In accordance with the plastic ban in Maharashtra and the new regulations, beverage companies like Coca-Cola, Pepsi and Bisleri have begun printing the buyback value on the bottles reports the Economic Times. The empty bottles can be given back and for that the consumer will get a certain amount of money.
Price For Plastic Bottles
The report further says that though the companies had the option of keeping the buyback value flexible, several of them have priced it at Rs. 15 for one kilogram of PET bottles and Rs. 5 a kilogram on shrink wraps. But not everyone’s convinced with this change. “There is already a system in place to recycle plastic. What we need to do is make it more efficient and profitable for the stakeholders (such as rag pickers), instead of introducing more processes in the ecosystem of recycling further,” Ramesh Chauhan chairman at Bisleri told the Economic Times.
A spokesperson of PepsiCo told the publication that the buyback value of Rs. 15 per kilogram on PET bottles is being mentioned on them. “We are working with Gem Enviro to set up reverse vending machines, collection points and collection centres for PET waste bottles at several locations across the state to enable the buyback programme,” the person told the Economic Times.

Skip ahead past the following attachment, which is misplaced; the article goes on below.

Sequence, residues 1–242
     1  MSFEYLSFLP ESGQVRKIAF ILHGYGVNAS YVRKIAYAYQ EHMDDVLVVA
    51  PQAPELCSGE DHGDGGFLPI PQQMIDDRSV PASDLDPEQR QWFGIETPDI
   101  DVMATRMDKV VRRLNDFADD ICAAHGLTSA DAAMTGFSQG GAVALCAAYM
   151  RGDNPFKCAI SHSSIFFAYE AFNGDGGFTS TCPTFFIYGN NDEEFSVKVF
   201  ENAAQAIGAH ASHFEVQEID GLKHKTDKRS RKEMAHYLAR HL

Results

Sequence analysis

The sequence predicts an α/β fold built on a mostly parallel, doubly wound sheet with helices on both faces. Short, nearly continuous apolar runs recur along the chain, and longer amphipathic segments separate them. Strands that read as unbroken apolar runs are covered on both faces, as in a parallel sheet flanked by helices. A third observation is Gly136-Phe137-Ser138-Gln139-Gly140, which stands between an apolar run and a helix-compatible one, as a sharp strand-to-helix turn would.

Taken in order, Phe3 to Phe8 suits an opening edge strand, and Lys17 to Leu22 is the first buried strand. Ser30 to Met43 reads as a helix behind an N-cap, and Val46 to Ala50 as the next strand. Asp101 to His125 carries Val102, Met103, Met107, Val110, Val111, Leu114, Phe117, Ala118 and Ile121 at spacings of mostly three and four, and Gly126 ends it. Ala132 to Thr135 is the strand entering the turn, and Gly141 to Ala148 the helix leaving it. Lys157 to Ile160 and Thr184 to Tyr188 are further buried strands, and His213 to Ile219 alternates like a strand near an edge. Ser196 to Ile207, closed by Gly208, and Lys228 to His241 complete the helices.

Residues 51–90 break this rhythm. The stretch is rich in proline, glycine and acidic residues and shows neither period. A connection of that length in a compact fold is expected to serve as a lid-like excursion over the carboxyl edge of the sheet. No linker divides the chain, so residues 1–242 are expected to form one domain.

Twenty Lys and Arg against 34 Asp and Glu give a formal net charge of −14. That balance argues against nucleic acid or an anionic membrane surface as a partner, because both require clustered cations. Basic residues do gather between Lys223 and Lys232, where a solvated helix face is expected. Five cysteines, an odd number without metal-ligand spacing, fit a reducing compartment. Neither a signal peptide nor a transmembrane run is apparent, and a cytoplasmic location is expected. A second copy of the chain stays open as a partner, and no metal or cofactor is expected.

Lack Of Clarity
The issue of plastic pollution cannot be resolved in singular steps and requires holistic solutions,” Dr Vijay Habbu, faculty and expert in sustainability and technical advisor to plastic associations told the publications. “Unless the the role of plastics in medical, food, pharmaceutical and related industries is understood, the messaging about pollution will always lead to unreasonable action. In taking easy steps of imposing wholesale bans, India loses opportunities to set global examples of managing plastic waste.”
The report also says that the buyback initiative might spread to other states as well like Gujarat and Tamil Nadu. Those in the industry say that there is little clarity on the return of the bottles. “While the cost of printing is nominal, it is restrictive because we can’t supply bottles made in Maharashtra to any other state, and neither can we bring and sell bottles from outside the state,” a beverage industry official told the Economic Times.